The arrests that followed were meanwhile reminiscent of the 1980s and 90s, when then Prime Minister Mahathir Mohammad ruled the country with a tough autocratic hand that his critics argue gave rise to the crony corruption prevalent today.
"They are trying to frighten us into submission," said opposition politician Azmin Ali. "We must continue to stand up for our rights and our dignity."
His sentiments were echoed by Teresa Kok, whose Democratic Action Party (DAP) attracted much of the Chinese vote. She said the arrests had simply made people angrier. Her party also blamed the government’s Home Ministry for deploying heavy-handed tactics.Enjoying this article? Click here to subscribe for full access. Just $5 a month.
Another serious concern is the colorful imaginations at work. Utusan Malaysia, a newspaper with strong ties to UMNO, claimed the DAP had spent US$32 million a year for the past six years building-up a 200-strong Red Bean Army.
Seasoned independent observers found the claims, backed by the New Straits Times, ridiculous. This correspondent has never heard of the entity, and nor has anybody else outside the Home Ministry’s circle of influence and papers claiming Anwar had used it “to incite hatred”.
This eerie rhetoric is reminiscent of that which preceded the 1969 race riots, when 184 people were killed by rampaging mobs after Chinese voters deserted the ruling parties and UMNO performed badly. Those riots led to the declaration of a state of emergency and the initiation of race-based policies that exist to this day.
The Asian Forum for Human Rights and Development (FORUM-ASIA) was among scores of NGOs and civil society groups upset by the government’s response to its own dismal performance, saying Najib had reneged on his promises of greater respect for human rights since assuming power in 2009.
“We regret the charges against the organisers for having allegedly failed to serve the police with sufficient notice for the post-elections rallies.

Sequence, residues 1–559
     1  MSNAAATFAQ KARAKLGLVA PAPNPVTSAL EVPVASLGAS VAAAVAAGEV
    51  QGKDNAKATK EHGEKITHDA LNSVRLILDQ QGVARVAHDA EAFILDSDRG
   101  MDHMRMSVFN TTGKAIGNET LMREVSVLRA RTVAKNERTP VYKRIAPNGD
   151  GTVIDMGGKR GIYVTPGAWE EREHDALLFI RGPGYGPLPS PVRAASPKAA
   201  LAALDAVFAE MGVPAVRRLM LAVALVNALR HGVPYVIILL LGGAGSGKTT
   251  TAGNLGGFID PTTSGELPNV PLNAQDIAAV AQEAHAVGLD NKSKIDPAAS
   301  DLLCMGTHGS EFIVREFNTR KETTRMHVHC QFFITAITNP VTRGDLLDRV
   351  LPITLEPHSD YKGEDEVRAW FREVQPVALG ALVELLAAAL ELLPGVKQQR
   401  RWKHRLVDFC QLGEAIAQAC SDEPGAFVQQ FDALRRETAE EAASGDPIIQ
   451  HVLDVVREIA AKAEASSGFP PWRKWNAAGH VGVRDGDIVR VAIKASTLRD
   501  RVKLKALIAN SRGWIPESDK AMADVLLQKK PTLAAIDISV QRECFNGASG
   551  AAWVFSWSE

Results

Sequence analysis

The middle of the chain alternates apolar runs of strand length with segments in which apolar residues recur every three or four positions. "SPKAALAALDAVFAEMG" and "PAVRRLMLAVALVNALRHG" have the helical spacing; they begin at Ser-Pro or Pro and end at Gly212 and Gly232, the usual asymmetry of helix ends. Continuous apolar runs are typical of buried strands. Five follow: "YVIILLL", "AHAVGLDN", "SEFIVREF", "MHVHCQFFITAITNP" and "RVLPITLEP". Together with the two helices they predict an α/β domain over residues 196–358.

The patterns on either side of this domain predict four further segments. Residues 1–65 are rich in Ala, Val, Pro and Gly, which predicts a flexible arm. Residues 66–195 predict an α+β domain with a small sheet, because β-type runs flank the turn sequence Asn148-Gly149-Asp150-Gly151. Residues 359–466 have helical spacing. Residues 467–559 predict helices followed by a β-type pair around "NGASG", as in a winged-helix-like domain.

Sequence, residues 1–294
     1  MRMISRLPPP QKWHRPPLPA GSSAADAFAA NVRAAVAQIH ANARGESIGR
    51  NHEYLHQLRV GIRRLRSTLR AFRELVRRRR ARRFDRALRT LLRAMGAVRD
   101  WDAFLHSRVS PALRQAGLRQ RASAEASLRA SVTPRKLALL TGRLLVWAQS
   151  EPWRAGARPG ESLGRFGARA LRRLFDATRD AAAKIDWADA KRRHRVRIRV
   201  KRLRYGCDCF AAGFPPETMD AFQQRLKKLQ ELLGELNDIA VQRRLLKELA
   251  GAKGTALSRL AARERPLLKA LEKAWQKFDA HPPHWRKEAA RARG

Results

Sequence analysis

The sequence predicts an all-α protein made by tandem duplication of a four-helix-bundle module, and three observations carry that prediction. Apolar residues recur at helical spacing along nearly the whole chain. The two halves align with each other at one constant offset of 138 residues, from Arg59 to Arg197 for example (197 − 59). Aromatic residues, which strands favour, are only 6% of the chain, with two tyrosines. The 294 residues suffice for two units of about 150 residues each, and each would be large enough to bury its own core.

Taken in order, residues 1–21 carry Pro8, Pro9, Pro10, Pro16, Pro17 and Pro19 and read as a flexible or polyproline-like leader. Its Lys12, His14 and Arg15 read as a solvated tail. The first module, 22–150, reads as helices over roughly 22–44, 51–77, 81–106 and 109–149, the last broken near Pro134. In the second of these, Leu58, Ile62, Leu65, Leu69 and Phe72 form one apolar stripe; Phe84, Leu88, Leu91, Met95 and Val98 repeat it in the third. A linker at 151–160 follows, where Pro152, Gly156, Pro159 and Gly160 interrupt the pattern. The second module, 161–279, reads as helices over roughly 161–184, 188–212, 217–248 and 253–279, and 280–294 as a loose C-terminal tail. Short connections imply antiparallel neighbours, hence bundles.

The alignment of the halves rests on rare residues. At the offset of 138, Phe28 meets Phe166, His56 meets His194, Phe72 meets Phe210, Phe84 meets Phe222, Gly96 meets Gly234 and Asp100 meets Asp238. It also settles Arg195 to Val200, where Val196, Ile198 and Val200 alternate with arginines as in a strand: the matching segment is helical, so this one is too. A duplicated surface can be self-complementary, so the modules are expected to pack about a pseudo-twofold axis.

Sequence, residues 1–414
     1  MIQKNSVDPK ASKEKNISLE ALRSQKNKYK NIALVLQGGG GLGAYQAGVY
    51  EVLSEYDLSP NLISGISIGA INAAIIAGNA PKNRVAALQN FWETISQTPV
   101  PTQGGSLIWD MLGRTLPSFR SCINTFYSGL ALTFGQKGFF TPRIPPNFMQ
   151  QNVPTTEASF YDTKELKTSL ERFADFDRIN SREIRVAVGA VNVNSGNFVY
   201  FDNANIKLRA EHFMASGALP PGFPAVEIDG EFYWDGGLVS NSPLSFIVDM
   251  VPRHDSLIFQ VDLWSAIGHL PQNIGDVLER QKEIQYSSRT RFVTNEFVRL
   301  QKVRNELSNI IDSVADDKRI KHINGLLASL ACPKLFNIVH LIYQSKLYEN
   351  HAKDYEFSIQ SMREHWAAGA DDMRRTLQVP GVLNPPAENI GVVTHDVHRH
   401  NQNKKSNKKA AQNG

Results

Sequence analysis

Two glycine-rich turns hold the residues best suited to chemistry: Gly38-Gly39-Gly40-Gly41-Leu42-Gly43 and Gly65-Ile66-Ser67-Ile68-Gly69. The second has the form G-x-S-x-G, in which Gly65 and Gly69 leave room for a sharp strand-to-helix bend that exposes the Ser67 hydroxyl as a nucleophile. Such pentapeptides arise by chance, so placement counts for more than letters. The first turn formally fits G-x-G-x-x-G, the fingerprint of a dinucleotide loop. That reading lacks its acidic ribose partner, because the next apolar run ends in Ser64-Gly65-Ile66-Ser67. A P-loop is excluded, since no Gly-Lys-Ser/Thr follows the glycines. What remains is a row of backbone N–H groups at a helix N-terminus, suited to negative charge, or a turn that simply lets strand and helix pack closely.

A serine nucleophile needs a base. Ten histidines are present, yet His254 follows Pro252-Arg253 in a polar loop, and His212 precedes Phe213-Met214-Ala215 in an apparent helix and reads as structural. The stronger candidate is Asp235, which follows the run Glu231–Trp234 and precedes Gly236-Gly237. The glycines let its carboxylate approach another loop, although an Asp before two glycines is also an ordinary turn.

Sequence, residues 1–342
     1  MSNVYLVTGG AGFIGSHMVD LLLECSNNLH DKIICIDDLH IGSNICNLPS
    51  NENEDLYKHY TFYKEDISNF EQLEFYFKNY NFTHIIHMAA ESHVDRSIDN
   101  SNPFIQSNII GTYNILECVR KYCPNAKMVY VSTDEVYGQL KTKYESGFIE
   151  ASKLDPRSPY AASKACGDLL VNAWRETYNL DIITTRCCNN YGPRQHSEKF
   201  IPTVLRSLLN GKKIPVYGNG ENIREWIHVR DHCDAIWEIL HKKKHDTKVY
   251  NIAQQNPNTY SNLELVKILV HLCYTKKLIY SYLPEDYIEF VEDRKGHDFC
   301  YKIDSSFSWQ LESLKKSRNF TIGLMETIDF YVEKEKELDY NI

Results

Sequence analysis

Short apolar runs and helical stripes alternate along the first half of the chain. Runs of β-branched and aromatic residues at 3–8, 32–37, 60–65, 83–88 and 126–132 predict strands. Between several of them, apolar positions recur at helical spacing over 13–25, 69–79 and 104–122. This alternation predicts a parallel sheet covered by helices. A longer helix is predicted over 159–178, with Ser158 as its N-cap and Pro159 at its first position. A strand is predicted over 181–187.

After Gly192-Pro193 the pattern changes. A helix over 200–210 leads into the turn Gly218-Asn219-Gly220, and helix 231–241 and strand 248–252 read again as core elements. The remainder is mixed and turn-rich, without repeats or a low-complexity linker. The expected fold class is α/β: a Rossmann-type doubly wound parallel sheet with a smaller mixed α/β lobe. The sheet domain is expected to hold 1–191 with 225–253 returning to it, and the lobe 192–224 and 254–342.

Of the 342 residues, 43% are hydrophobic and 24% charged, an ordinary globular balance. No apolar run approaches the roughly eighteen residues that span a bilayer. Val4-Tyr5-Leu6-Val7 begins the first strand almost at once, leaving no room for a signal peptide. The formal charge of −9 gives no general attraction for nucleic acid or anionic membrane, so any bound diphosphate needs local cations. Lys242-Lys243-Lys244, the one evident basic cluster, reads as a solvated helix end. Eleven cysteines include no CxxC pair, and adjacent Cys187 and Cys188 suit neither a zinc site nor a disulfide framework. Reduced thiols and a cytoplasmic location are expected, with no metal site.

“The rallies have proceeded peacefully, and these charges appear to be only aimed at silencing political opposition and discouraging the legitimate exercise of the right to freedom of peaceful assembly in the country,” said Giyoun Kim, FORUM-ASIA’s Acting Executive Director.
The response to the poll has been loud and clear. It has also provided a convenient diversion for Najib, who has serious issues elsewhere to deal with in a second term without a popular mandate.
Two of his wife’s bodyguards are on death row for the murder of a beautiful model linked to Najib. The Prime Minister’s role in alleged corruption surrounding the purchase of two submarines from France will be scrutinized in a French court. And his government has failed to launch legal action against Philippine-based rebels who launched an insurgency in the eastern state of Sabah in March, resulting in the deaths of more than 70 people.
Najib’s prospects are also not helped by recent Islamic demands to ban the use of the word “Allah” for “God” in Christian churches or by police tear-gassing Chinese hospitals during a rally by protestors demanding electoral reform.
Najib’s future and his chances of surviving the wrath of his own party after such a dreadful electoral performance must be in doubt. The arrests and outrage that have followed will define not just his leadership but also his country, which now surely runs the risk of being tarnished as a latter-day apartheid state.